CA2510366C - System and method for remote device registration - Google Patents

System and method for remote device registration Download PDF

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Publication number
CA2510366C
CA2510366C CA 2510366 CA2510366A CA2510366C CA 2510366 C CA2510366 C CA 2510366C CA 2510366 CA2510366 CA 2510366 CA 2510366 A CA2510366 A CA 2510366A CA 2510366 C CA2510366 C CA 2510366C
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Prior art keywords
server
sensitive data
controller
data
secure module
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Application number
CA 2510366
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French (fr)
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CA2510366A1 (en
Inventor
Brian Neill
Ashok Vadekar
Patrick Xu
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Certicom Corp
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Certicom Corp
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Publication date
Priority to US69015505P priority Critical
Priority to US60/690,155 priority
Application filed by Certicom Corp filed Critical Certicom Corp
Priority claimed from CN 201010621868 external-priority patent/CN102013977B/en
Priority claimed from KR1020087001086A external-priority patent/KR101336529B1/en
Priority claimed from CA2611818A external-priority patent/CA2611818C/en
Priority claimed from SG201004143-2A external-priority patent/SG162784A1/en
Publication of CA2510366A1 publication Critical patent/CA2510366A1/en
Priority claimed from HK11109661A external-priority patent/HK1155587A1/en
Publication of CA2510366C publication Critical patent/CA2510366C/en
Application granted granted Critical
Application status is Active legal-status Critical
Anticipated expiration legal-status Critical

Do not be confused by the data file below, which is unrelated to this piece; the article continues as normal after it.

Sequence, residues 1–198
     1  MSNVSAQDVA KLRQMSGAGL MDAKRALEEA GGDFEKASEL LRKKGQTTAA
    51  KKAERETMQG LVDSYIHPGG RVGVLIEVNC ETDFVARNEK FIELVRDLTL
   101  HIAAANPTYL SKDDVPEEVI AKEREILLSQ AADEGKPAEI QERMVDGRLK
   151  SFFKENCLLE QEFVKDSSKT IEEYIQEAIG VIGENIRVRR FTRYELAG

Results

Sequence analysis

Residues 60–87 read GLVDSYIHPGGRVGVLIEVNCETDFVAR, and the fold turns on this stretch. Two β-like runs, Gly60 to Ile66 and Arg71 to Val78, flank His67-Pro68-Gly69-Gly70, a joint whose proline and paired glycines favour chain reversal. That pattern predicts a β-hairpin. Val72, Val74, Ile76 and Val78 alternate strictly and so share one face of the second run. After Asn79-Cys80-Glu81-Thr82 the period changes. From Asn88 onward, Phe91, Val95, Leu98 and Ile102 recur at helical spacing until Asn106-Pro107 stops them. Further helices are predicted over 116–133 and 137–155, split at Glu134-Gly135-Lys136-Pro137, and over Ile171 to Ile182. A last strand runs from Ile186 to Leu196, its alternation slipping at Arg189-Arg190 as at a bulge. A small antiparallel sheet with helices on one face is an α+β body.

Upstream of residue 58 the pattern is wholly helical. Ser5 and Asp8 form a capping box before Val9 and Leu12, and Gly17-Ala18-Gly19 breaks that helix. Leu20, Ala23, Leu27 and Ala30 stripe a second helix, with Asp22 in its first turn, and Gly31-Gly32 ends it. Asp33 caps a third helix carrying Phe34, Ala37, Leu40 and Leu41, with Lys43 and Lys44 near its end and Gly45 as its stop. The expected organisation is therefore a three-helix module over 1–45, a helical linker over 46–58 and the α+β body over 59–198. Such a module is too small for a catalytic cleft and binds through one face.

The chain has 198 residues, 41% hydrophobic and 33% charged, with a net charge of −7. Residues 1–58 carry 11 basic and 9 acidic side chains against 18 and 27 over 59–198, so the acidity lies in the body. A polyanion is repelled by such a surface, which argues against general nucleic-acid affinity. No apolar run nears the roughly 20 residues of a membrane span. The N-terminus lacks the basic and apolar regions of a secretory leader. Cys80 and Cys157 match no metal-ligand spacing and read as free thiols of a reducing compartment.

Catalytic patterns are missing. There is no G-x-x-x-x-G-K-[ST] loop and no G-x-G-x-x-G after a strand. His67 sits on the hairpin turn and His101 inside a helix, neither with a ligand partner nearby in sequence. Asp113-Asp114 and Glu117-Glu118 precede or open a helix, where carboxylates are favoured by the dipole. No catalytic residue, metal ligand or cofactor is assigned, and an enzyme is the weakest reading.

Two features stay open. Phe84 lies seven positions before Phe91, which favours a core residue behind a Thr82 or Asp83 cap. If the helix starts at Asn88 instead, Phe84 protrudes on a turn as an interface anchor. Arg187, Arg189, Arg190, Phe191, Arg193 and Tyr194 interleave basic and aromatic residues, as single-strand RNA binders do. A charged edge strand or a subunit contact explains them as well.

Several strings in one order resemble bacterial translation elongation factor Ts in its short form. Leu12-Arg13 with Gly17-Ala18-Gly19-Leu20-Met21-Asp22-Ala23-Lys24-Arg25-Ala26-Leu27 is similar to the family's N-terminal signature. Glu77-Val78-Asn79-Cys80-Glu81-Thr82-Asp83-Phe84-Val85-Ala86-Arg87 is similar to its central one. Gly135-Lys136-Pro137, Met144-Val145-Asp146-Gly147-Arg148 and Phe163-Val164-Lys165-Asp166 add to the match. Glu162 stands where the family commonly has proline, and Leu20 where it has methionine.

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Classifications

    • GPHYSICS
    • G06COMPUTING; CALCULATING; COUNTING
    • G06FELECTRIC DIGITAL DATA PROCESSING
    • G06F21/00Security arrangements for protecting computers, components thereof, programs or data against unauthorised activity
    • G06F21/70Protecting specific internal or peripheral components, in which the protection of a component leads to protection of the entire computer
    • G06F21/71Protecting specific internal or peripheral components, in which the protection of a component leads to protection of the entire computer to assure secure computing or processing of information
    • G06F21/72Protecting specific internal or peripheral components, in which the protection of a component leads to protection of the entire computer to assure secure computing or processing of information in cryptographic circuits
    • HELECTRICITY
    • H04ELECTRIC COMMUNICATION TECHNIQUE
    • H04LTRANSMISSION OF DIGITAL INFORMATION, e.g. TELEGRAPHIC COMMUNICATION
    • H04L63/00Network architectures or network communication protocols for network security
    • H04L63/06Network architectures or network communication protocols for network security for supporting key management in a packet data network
    • H04L63/062Network architectures or network communication protocols for network security for supporting key management in a packet data network for key distribution, e.g. centrally by trusted party